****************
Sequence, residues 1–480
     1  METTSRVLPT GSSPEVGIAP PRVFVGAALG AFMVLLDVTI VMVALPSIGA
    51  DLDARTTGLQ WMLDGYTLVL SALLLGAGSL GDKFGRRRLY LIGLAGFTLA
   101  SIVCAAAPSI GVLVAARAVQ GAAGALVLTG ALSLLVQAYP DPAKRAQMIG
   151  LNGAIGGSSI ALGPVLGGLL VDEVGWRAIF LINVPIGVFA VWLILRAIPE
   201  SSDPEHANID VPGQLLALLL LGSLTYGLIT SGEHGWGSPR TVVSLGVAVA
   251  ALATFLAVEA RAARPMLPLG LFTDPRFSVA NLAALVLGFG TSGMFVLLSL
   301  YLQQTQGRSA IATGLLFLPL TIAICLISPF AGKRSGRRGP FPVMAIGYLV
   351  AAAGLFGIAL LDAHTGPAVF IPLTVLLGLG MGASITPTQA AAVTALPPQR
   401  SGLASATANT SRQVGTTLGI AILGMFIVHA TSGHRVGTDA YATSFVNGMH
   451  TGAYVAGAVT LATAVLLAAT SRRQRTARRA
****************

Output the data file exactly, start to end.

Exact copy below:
Sequence, residues 1–480
     1  METTSRVLPT GSSPEVGIAP PRVFVGAALG AFMVLLDVTI VMVALPSIGA
    51  DLDARTTGLQ WMLDGYTLVL SALLLGAGSL GDKFGRRRLY LIGLAGFTLA
   101  SIVCAAAPSI GVLVAARAVQ GAAGALVLTG ALSLLVQAYP DPAKRAQMIG
   151  LNGAIGGSSI ALGPVLGGLL VDEVGWRAIF LINVPIGVFA VWLILRAIPE
   201  SSDPEHANID VPGQLLALLL LGSLTYGLIT SGEHGWGSPR TVVSLGVAVA
   251  ALATFLAVEA RAARPMLPLG LFTDPRFSVA NLAALVLGFG TSGMFVLLSL
   301  YLQQTQGRSA IATGLLFLPL TIAICLISPF AGKRSGRRGP FPVMAIGYLV
   351  AAAGLFGIAL LDAHTGPAVF IPLTVLLGLG MGASITPTQA AAVTALPPQR
   401  SGLASATANT SRQVGTTLGI AILGMFIVHA TSGHRVGTDA YATSFVNGMH
   451  TGAYVAGAVT LATAVLLAAT SRRQRTARRA